Fortunately, Passion Play is only a debut novel — and just the first in a series — so Beth Bernobich has plenty of time to correct the problems that plagued her debut, and live up to the immense potential and talent that she possesses…
I have to confess, when Beth Bernobich’s new book Passion Play arrived in my mailbox (unsolicited), I was kinda wondering who the publisher thought they were sending their book to. The title, combined with the hot looking young woman in a dress that reveals the top of a shapely and (I assumed) heaving bosom, made me think someone in the PR department had gotten their signals crossed and somewhere, some romance reviewer was looking at a book with a dragon on the cover and thinking “huh?” But I didn’t let the cover (or the fact that “passion” appears twice on the cover) deter me, and what I discovered was a very solid read, one with flaws but which did leave me by the end interested in picking up the sequel.
The young girl on the cover is Therez Zhalina (our third-person narrator for the book’s entirety), who in relatively quick fashion: learns she is to be abruptly married off by her merchant father to another (richer) merchant who has a reputation for cruelty, runs away via a caravan and is brutally used (not detailed but graphically referenced) by the caravan leader as payment for not being returned home, eventually finds herself a place in a pleasure house run by Lord Kosenmark, who has been recently removed from the King’s Court by the new king although Therez (or Ilse as she is known now) learns Kosenmark has not given up the dangerous game of politics.
Passion Play lacks many of the standard elements common in fantasy. Magic exists in this world, but is rarely seen or rarely makes a large impact in day to day life. We see no fantastical creatures. There are villains, one of whom employs magic, but no standard dark lord or necromancer type, no sorcerous attacks, etc. There’s no quest (though we’re clearly set up for one in book two). In fact, save for a “big picture” plot line involving possible war with another kingdom whose king is seeking three powerful magical jewels, and a few scenes of magical healing, there really is little “fantastic” about it. It’s more akin to a historical novel, I’d say, with some romance and fantasy elements. Whether that is good or bad will depend on just how much fantasy you want from your fantasy.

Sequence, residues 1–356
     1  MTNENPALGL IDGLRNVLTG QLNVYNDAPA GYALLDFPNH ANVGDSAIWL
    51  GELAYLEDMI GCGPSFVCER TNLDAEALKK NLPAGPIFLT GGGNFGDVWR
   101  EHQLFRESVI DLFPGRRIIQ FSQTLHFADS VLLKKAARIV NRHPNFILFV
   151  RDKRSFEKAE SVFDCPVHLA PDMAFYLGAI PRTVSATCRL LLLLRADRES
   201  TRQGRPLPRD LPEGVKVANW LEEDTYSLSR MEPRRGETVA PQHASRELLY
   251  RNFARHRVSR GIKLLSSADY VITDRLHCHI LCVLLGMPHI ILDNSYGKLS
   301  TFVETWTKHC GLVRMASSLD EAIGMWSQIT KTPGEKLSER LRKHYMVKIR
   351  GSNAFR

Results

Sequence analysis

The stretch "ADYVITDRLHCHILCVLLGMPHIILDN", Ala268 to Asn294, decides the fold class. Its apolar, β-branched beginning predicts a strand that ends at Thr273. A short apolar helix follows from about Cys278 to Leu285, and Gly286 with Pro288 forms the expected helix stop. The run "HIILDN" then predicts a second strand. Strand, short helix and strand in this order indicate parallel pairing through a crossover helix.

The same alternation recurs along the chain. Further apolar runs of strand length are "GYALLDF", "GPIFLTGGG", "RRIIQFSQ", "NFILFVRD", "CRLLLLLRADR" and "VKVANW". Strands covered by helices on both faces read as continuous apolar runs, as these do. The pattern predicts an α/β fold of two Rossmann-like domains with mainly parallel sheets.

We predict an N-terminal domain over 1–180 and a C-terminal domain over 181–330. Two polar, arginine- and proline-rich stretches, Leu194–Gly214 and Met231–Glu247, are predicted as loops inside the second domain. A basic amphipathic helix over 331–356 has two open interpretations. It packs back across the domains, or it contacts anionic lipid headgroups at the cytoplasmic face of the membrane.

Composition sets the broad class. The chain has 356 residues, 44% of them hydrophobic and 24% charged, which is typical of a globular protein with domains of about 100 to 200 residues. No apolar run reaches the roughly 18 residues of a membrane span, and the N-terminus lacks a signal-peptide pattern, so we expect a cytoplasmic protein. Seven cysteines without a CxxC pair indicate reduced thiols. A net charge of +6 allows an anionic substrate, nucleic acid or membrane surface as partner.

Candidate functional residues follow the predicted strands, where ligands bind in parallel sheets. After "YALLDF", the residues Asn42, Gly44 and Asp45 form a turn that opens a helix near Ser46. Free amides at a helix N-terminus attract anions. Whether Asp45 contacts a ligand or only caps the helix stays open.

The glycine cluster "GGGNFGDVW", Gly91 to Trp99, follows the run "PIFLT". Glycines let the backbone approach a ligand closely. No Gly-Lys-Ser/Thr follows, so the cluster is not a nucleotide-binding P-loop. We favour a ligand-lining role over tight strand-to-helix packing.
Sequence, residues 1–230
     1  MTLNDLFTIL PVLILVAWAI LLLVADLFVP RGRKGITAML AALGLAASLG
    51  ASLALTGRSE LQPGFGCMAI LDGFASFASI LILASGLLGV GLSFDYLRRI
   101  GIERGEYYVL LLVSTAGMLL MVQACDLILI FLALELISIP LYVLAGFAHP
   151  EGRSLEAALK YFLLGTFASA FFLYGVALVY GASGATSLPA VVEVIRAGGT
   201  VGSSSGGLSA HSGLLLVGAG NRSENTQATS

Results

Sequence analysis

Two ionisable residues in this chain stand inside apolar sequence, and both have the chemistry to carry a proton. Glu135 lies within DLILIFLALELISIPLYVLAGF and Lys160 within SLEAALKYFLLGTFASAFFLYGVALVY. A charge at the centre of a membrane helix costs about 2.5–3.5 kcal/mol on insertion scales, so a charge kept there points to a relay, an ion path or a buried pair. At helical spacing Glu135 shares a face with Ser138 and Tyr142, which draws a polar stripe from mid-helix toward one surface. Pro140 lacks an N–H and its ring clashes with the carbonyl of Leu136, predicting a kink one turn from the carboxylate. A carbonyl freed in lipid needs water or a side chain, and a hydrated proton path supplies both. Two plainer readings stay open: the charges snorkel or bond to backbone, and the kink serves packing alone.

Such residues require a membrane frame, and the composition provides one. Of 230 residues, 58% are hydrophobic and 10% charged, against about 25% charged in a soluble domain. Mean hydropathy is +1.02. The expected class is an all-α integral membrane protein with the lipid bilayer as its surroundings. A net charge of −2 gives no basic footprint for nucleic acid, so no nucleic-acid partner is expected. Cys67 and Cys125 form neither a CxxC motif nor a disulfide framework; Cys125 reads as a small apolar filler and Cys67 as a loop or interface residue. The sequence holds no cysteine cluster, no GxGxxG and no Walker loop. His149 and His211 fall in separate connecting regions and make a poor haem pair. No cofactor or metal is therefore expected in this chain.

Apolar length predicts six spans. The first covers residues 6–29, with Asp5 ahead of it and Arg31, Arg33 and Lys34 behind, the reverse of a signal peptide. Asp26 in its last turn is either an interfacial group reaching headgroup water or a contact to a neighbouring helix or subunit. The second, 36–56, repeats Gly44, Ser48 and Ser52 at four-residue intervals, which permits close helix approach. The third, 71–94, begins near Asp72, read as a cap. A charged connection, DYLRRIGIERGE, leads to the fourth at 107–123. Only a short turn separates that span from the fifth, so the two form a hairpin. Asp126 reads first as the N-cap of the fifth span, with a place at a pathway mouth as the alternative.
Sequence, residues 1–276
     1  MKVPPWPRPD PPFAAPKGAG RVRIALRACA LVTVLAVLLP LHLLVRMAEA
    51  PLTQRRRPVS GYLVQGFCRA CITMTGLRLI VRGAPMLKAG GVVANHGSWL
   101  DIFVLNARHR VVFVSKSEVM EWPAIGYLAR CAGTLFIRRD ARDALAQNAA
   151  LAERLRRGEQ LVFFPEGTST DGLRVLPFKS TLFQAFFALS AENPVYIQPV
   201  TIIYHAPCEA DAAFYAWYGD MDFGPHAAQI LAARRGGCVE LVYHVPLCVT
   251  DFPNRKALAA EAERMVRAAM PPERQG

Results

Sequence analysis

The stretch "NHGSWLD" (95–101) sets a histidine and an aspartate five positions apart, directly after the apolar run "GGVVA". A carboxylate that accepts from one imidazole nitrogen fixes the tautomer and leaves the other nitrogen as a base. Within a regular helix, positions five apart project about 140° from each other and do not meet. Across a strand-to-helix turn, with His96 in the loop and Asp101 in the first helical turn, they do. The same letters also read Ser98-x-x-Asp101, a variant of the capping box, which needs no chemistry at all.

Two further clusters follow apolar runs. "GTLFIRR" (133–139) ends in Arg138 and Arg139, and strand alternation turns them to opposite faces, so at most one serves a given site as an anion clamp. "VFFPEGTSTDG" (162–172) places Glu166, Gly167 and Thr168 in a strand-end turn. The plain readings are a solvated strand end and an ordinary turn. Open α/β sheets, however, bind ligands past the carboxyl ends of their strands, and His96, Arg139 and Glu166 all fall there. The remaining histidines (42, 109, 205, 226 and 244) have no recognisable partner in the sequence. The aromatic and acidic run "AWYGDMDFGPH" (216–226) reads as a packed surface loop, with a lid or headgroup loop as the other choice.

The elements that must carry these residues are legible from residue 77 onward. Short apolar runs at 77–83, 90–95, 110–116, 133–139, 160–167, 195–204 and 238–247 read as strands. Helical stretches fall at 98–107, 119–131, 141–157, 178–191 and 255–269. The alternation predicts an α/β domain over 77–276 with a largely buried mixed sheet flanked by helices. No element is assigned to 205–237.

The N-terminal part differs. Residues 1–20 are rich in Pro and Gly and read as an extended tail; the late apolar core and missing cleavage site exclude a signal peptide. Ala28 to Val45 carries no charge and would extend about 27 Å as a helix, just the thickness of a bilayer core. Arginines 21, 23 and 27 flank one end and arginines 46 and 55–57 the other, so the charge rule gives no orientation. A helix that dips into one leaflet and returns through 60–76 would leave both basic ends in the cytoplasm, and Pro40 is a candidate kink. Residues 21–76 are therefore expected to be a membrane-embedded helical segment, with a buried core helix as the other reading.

Therez/Ilse (I’ll refer to her simply as Ilse from now on — the name she uses through most of the novel) is a strong, likable character: independent, intelligent, clever, sensitive, and I enjoyed the way she slowly slid into first the household life of Kosenmark’s home and then into the political intrigue he’s involved himself in. Kosenmark is another strong character with lots of shades of complexity to him; Ilse (and the reader) is never quite sure of what to make of him. The side characters aren’t quite as strong. While they’re mostly likable when they’re supposed to be (or not, as the character calls for), they do feel a bit like character types rather than full people: the gruff but warm older taskmaster kind of mentor; the taciturn, gruff, but warm weaponmaster; the loud, gruff, but warm kitchen matron, etc.
The plot is a slow unfolding; though events and action pick up at the end this is mostly a story of character/relationship development and political gamesmanship. I enjoyed the slow pace myself, and found the prose to be fluid and naturally inviting so that, while slow in terms of action, the reading itself never felt such. I can see, however, where other readers, perhaps even most other readers, might be frustrated by the pace. One of the plot’s aspects I enjoyed was how the past wasn’t simply forgotten; there are repercussions from events that play out more than a time or two but rather become part of one’s life or nature and Bernobich does a nice job showing this through both her characters.
What made Passion Play a “solid” read for me rather than a “strong” one was that while I never bogged down and was always interested in the story and characters, I also never felt fully involved or immersed. There is a curious sort of distance to events and character (if that sounds vague it is and I apologize for it). Part of it maybe that so many of the driving overarching plots are literally removed. The king with whom Kosenmark has issues is often referenced but never seen, and the mage set up as the adversary is seen only once, briefly, though we get reports of his acts. The magical jewels, which may play a big role or may just be a MacGuffin, are never seen or even really detailed. Fights between Kosenmark’s lover and his lover’s father are reported but unwitnessed, and on it goes. Part of the distance too comes from a lack of sharp or full detail: the secondary characters who feel a bit too much like character types, magic that is present but never really explained in terms of how it works or its societal impact, an impending war that feels wholly abstract, and so on. Part of it is some abrupt shifts, beginning with Ilse’s first decision to run away, which felt forced more by plot than set up as a natural outgrowth of character and situation, and continuing with the ease with which she becomes entrusted with some pretty dangerous knowledge.